French cruise ship packed with sustainable technology

The impressive MSC World Europe cruise ship radiates both luxury and sustainability. The giant LNG-powered ship, built by the French shipyard Chantiers de I’Atlantique, is an example of how the cruise industry is shouldering responsibility for developing more ecofriendly ships.


With its futuristic Y-shape and 330-metre-long streamlined profile, MSC World Europe will be an impressive sight when it is launched in 2022. MSC World Europe is the first of a total of four scheduled cruise ships in the World class ordered by MSC Cruises from the renowned French shipyard Chantiers de I’Atlantique.

Behind the elegant exterior is plenty of technology that not only makes sailing a luxurious and comfortable experience for passengers, but is also gentle to the environment. MSC World Europe will be powered by Liquefied Natural Gas (LNG) from integrated solid oxide fuel cells (SOFC). This is the first time LNG fuel-cells have been used on a cruise ship and they are expected to reduce its greenhouse gas emissions by 30% compared to a conventional LNG engine.

Energy-optimised ventilation

The LNG fuel cells have been developed as part of the R&D programme Ecorizone ®, which Chantiers de I’Atlantique has launched in collaboration with the French government. And the pioneering fuel cells are not the only example of sustainable technology on board. The ship will also be equipped with an advanced waste-water system, as well as a ventilation system that is highly energy efficient.
The ventilation is supplied by Novenco Marine and Offshore, using 75 Hoyer IE3 marine motors for both centrifugal and axial fans. They are installed in the ship’s engine room and cargo area where rigorous demands for reliable, robust performance must be met.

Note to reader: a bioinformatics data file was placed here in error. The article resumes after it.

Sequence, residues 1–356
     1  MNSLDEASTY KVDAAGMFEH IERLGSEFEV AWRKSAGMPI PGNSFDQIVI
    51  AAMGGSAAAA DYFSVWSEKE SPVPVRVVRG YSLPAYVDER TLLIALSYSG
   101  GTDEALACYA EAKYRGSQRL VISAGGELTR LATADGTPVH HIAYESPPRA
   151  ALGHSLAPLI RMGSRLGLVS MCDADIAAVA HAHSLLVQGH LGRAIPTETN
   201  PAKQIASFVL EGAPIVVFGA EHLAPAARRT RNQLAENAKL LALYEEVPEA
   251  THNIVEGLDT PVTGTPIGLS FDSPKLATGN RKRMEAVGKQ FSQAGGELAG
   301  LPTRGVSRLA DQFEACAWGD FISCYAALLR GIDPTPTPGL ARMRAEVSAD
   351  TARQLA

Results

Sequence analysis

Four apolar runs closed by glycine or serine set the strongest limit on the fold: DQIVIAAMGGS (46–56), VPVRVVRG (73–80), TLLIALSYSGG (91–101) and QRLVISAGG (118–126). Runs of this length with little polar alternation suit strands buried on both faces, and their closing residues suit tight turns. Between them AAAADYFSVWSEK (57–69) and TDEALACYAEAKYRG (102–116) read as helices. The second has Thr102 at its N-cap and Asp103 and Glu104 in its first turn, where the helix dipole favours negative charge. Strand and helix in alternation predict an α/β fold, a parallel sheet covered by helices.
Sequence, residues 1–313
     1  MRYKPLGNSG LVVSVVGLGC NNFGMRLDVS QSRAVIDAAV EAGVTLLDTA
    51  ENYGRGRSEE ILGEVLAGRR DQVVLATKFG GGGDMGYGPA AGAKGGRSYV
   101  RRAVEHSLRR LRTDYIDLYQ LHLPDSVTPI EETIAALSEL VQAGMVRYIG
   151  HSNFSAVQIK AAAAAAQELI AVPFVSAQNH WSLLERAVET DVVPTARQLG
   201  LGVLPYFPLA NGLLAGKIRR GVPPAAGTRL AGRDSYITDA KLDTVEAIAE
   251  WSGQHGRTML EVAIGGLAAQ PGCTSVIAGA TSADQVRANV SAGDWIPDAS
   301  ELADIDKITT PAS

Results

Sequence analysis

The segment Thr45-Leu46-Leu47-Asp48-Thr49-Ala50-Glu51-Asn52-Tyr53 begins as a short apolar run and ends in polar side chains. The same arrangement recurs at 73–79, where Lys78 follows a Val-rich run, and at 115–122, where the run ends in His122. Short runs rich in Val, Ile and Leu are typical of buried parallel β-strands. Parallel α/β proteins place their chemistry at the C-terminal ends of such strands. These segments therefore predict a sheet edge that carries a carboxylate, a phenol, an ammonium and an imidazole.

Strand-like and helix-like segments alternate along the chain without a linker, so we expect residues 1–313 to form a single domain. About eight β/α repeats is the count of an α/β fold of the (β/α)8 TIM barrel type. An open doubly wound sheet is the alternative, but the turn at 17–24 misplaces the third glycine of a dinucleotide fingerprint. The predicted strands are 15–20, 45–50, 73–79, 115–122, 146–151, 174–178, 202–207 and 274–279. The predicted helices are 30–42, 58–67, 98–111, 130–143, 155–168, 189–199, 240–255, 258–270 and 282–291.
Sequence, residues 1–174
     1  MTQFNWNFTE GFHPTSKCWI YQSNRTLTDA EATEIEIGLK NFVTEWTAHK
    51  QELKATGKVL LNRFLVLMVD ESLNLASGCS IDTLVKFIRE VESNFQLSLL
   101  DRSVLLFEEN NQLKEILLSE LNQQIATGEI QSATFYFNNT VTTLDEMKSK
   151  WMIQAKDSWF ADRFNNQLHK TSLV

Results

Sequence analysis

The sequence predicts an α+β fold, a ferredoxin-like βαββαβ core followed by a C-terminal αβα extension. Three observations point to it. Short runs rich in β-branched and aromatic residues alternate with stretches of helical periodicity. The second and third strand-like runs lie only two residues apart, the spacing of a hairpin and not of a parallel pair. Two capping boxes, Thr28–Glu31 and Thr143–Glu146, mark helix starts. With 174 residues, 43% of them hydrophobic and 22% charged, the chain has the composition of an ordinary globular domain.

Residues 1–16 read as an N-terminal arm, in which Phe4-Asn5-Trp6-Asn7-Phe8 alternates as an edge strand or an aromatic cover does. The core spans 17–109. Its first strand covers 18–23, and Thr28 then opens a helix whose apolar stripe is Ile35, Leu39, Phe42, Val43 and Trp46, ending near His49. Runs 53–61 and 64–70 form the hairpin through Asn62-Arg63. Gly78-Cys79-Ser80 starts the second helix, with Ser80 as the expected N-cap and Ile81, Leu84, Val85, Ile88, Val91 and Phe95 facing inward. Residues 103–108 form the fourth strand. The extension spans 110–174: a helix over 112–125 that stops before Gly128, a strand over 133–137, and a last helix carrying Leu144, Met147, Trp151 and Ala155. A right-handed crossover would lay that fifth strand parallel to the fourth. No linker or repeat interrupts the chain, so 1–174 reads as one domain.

“Over the years, we’ve supplied motors to a number of projects at Chantiers de I’Atlantique, and our motors are specified on the makers list for the various subcontractors involved in the construction of MSC World Europe. In this case, we supplied energy-efficient IE3 marine motors. These motors meet high efficiency requirements, which can be read directly from energy consumption,” says Adam Slupinski, Segment Manager, HVAC, Hoyer.

Cruise industry takes responsibility seriously

Neither MSC Cruises nor Chantiers de I’Atlantique hides the fact that the investment in sustainable technology goes far beyond what is required to meet legal requirements and international standards. Instead, both the shipping company and the shipyard make a virtue of leading the way towards total carbon-neutral, sustainable cruises.

“The cruise industry is a luxury industry that has been booming for a long time due to the growing interest in cruises. For several years, the industry has been a maritime frontrunner in energy efficiency and environmental focus. We also notice this on our deliveries to cruise ships. When ordering motors, it should ideally be IE3, and there is great focus on responsibility, sustainability and energy efficiency,” Adam Slupinski says.

Besides environmental and energy efficiency, due to the pandemic there is also keener focus on health and safety in the industry. Therefore, several cruise companies are upgrading their HVAC systems with High Efficiency Particulate Air (HEPA) filters that can prevent the spread of the vast majority of airborne viruses and other pathogens. The use of HEPA filters requires considerably more energy for the HVAC system, potentially requiring a comprehensive upgrade of the capacity of both existing and new ships.

Facts about MSC World Europe

  • Built for MCS Cruises as the first of a total of four ships in the World class.
  • Shipyard: Chantiers de I’Atlantique, France
  • Maximum passenger capacity: 6,850 passengers.
  • 330 metres long
  • GT: 205,000
  • Maximum speed: 20.5 knots

Hoyer motors on MSC World Europe

  • 75 motors of up to 64 kW
  • All motors are from Hoyer’s range of products with IE3 efficiency
  • IP56
  • BV classification
  • Supplied for axial and centrifugal fans produced by Novenco Offshore and Marine OEM subcontractors in Denmark, South Korea and Poland